But Romney dismissed the suggestion that he is positioning himself to enter the ring.
"That's not going to happen," he told CNN's Chief Political Analyst Gloria Borger. "What's going to happen in a contested convention is that people who are running for president and who have delegates are going to be able to battle with one another."
Even so, when pressed on whether he would allow himself to be nominated at an open convention, he sidestepped a complete answer.
"I'm not going to even go there," Romney said. "I have no interest in talking about that."
Despite his effort to bring Trump down, Romney said the billionaire has the best shot at the Republican nomination.
"He's probably most likely to be the Republican nominee at this point. But, um, I think there's a better choice out there," Romney said.
A total of 1,237 delegates are required to win the Republican nomination. Trump currently enjoys a comfortable lead in the race, but a strong showing from Ted Cruz on Super Tuesday, when he won his home state of Texas and two others, and with winner-take-all home-state contests for Florida Sen. Marco Rubio and Ohio Gov. John Kasich looming on March 15, there is still a narrow path for his rivals.
"I'd probably again encourage whoever is doing best in a particular state to get the support there," he said of the other remaining candidates, "and do that state by state. And that would lead to an open convention, where you'd see the delegates selected make the final decision."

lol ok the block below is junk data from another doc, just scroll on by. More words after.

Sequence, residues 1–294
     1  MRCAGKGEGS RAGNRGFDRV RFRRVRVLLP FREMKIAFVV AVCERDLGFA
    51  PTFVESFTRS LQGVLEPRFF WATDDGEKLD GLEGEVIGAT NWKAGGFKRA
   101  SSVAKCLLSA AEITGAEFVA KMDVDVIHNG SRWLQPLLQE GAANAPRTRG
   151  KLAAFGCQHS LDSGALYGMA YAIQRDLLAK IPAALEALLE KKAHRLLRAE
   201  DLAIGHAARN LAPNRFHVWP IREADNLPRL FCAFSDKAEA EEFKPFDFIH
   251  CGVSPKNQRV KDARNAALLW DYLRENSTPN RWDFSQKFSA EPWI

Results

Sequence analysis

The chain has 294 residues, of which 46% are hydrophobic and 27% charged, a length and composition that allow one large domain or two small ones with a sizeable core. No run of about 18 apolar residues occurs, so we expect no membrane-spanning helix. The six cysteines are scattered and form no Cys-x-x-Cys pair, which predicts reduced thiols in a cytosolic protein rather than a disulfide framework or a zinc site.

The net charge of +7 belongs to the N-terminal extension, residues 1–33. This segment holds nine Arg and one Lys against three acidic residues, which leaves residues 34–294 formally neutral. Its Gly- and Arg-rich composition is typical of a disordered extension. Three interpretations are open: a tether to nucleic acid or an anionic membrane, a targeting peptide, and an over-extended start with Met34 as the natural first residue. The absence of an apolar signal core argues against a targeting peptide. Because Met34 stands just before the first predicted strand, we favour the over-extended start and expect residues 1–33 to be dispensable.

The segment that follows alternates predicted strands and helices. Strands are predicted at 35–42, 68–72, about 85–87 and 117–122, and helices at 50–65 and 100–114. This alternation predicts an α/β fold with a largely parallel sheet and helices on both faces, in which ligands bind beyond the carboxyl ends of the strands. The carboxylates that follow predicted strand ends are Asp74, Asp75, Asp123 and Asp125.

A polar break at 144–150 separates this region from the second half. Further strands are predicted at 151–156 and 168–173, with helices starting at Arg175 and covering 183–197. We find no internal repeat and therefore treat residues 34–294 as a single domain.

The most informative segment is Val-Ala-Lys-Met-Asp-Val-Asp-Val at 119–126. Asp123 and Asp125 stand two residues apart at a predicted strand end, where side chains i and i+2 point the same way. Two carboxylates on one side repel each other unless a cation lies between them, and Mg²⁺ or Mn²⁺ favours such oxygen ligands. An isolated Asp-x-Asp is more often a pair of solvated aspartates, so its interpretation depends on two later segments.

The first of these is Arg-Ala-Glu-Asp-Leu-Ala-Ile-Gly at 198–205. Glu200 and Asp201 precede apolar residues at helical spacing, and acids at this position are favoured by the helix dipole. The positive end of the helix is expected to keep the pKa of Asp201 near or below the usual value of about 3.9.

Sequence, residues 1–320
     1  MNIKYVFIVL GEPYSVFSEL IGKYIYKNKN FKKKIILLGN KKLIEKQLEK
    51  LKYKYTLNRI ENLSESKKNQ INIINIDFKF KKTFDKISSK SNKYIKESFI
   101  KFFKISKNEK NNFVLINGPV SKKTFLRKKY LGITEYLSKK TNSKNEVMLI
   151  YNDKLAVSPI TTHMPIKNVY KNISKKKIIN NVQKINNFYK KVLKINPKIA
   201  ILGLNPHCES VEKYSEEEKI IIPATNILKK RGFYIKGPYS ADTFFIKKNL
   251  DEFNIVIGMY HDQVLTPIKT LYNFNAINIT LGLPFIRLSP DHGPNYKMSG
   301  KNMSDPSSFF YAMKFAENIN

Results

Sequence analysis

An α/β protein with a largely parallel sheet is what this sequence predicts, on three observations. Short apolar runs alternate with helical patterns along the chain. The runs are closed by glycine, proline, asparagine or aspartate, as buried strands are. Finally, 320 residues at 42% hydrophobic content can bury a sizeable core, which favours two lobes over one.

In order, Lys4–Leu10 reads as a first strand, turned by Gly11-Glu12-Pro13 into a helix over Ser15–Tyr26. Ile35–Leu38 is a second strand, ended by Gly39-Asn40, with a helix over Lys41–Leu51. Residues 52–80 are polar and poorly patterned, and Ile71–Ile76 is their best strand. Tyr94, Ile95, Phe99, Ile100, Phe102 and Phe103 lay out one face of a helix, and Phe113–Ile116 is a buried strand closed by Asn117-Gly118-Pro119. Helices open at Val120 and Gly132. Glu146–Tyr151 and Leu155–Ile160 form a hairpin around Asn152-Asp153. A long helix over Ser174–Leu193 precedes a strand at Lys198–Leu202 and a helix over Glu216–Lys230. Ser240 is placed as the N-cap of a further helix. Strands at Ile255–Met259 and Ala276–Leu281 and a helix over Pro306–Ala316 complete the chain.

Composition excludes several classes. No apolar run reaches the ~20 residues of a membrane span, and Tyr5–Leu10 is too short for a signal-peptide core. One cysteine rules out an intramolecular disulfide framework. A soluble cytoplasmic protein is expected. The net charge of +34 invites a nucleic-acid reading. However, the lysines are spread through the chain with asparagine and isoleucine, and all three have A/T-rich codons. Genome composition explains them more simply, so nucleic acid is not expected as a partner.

Romney said he thought Jeb Bush would make more of an impact in the race.
"I thought Jeb Bush would do better than he -- than he did," he said. "I like Jeb a lot. I thought he would be able to gain a lot of momentum. But that didn't happen."
Romney took issue with Trump's since-reversed proposal
that as president he would have U.S. troops "go tougher than waterboarding." Trump most recently made the comments at Thursday night's Fox News debate.
"The troops then would be guilty of crimes," Romney said. "And (Trump) would be guilty of high crimes and misdemeanors."
When asked about a CNN report
that Trump will raise outside money if he becomes the Republican nominee, Romney said, "it's a form of hypocrisy that I think people will find shocking."
Romney thinks Trump's rhetoric is worse now than in 2012
During his 2012 presidential bid, Romney sought and welcomed an endorsement from Trump -- the same man he on Thursday repeatedly insulted and called a "phony" and a "fraud."
On Friday morning, Romney said he believed the billionaire's current rhetoric was more damaging than his past efforts to stoke the anti-Obama birther movement.
"I think (the birther activities were) very different than calling Mexicans rapists, than saying that Muslims are not going to be allowed into the country as immigrants, that mocking a disabled reporter" or "going after women and saying 'Oh, she asked tough questions because she was in her menstrual cycle," Romney told Borger.
Standing up to Trump for his grandkids
So why did the former Massachusetts governor, now effectively retired from politics, see fit to go public with his attacks on Trump?
"I don't know what impact these things have politically," Romney said, "but I do know that when my grandkids say, 'What did you do to stop Donald Trump?,' I want to be able to say something. I wasn't going to just sit on the sidelines until the very end."